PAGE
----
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The Contentious Trusts & Estates team at Kensington Swan draws on the combined resources, expertise and reputations of our Private Wealth and Dispute Resolution teams to deliver advocacy and advice to trustees/executors, beneficiaries, foreign and local law firms, barristers under reverse brief arrangements, and charities across the full spectrum of trusts and estates disputes.

We have extensive experience both within New Zealand and offshore, including disputes concerning the validity of trusts and wills, the governance and administration of trusts and estates, the exercise of fiduciary powers, the appointment and retirement of trustees, the addition and removal of beneficiaries, regulatory enforcement matters, equitable tracing claims and injunctive relief (such as Mareva injunctions).

We have particular expertise in applications for Beddoe, Public Trustee v Cooper or related orders, and regarding claims under the Property (Relationships) Act 1974, the Law Reform (Testamentary Promises) Act 1949 and the Family Protection Act 1955.

Recent experience includes acting for:

• Four New Zealand foreign trusts ‘settled’ by Sergei Pugachev in the NZ limb of hard fought trust litigation.

• The protector and beneficiaries of New Zealand foreign trusts in disputes with a former trustee (a global bank). The dispute concerned fees, charges, the validity of a resettlement, European privacy/disclosure obligations, and the form of the trustees’ indemnity.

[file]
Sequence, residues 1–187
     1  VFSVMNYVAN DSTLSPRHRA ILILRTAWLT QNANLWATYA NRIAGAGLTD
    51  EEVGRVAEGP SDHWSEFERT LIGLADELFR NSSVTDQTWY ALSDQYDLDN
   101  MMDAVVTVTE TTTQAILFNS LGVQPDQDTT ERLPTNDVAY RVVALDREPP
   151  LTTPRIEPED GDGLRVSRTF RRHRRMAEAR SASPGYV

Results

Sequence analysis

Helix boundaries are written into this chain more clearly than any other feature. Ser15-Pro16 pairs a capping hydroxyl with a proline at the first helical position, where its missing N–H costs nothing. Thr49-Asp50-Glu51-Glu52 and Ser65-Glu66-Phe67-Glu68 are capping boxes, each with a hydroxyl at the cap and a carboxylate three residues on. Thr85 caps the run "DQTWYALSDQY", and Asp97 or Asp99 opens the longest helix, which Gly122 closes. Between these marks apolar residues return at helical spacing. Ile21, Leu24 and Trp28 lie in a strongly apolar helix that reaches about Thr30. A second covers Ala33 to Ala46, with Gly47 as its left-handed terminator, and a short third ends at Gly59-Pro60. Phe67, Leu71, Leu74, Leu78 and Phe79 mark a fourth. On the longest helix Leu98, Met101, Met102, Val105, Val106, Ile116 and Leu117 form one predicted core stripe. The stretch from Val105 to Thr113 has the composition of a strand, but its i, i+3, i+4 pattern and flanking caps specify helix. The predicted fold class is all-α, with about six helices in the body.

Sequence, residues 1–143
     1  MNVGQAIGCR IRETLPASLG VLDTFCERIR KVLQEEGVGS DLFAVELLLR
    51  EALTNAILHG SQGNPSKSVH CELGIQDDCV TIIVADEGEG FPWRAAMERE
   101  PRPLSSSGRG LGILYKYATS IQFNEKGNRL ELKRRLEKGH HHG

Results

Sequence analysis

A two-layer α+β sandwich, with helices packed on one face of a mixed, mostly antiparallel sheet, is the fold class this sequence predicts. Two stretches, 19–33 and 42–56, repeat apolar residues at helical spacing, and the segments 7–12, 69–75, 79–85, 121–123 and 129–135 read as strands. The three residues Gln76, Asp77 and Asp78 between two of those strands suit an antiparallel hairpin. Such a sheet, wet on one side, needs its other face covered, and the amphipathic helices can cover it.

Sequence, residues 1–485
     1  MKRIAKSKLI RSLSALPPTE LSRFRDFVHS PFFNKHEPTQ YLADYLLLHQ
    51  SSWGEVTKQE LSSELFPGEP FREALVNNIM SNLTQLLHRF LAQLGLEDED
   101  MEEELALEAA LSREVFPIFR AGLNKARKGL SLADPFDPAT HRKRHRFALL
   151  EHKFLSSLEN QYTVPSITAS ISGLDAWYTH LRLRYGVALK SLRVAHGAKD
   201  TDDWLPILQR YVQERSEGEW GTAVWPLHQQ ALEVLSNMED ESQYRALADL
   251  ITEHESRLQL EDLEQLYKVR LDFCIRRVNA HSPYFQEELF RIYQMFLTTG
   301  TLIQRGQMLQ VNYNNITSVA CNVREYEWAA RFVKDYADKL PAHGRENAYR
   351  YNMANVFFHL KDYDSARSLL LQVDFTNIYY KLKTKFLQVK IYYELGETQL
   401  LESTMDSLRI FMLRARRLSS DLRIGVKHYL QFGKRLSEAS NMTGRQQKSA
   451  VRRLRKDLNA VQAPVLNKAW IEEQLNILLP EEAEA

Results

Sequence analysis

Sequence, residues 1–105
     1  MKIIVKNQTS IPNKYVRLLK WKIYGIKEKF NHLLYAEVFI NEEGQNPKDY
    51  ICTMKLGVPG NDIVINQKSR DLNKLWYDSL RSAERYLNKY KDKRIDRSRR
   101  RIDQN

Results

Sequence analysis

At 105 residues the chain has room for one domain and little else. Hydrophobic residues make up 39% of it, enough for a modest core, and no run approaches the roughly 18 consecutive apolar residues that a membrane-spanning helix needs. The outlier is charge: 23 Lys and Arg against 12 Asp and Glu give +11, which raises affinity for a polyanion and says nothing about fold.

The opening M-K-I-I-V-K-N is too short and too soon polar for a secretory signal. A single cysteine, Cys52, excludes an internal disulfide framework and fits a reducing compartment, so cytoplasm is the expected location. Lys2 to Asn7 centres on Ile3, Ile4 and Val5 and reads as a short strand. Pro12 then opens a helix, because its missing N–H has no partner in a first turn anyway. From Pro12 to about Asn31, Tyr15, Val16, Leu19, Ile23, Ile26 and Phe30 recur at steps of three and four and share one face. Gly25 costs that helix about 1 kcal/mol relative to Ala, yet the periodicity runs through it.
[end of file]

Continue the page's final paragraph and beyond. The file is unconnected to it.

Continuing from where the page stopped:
• The trustee of a New Zealand foreign trust which is party to ongoing litigation in three jurisdictions concerning contractual claims arising from the business activities of the underlying operating company (a global brand).

• The trustee of a New Zealand domestic trust in relation claims made by a beneficiary. The dispute concerns whether the power to remove trustees was exercised lawfully.

• Beneficiaries against trustees of a domestic trust where the trustees had sided with the settlor beneficiary and not paid distributions resolved to be paid. The proceeding was ancillary to relationship property proceedings.

• Three of four beneficiaries of a domestic trust where the remaining beneficiary was indebted to the Trust. The proceeding was ancillary to a related Family Protection Act 1955 claim.

• Various claimants seeking relief from the Court under the Law Reform (Testamentary Promises) Act 1949.

• Various plaintiffs seeking orders under the Trustee Act 1956 varying trusts where the original purpose could no longer be met.

• A charity in curing invalidity where trustee appointments had not been made properly.

• A professional trustee company in resolving a will trust dispute concerning a long-standing life interest, remote remaindermen, and statutory interpretation issues.

• Three classes of beneficiaries (three generations) in claims against trusts controlled by the third wife of the deceased settlor.

• The trustees of a family trust where the siblings have fallen out and are in dispute over entitlements to the trust fund.

We also provide expert witnesses to assist the court in trust litigation matters. A recent case concerned whether a trustee had breached trust in failing to pay income to a beneficiary in accordance with the terms of the trust deed. The hearing involved complex legal argument relating to how income and capital should be classified.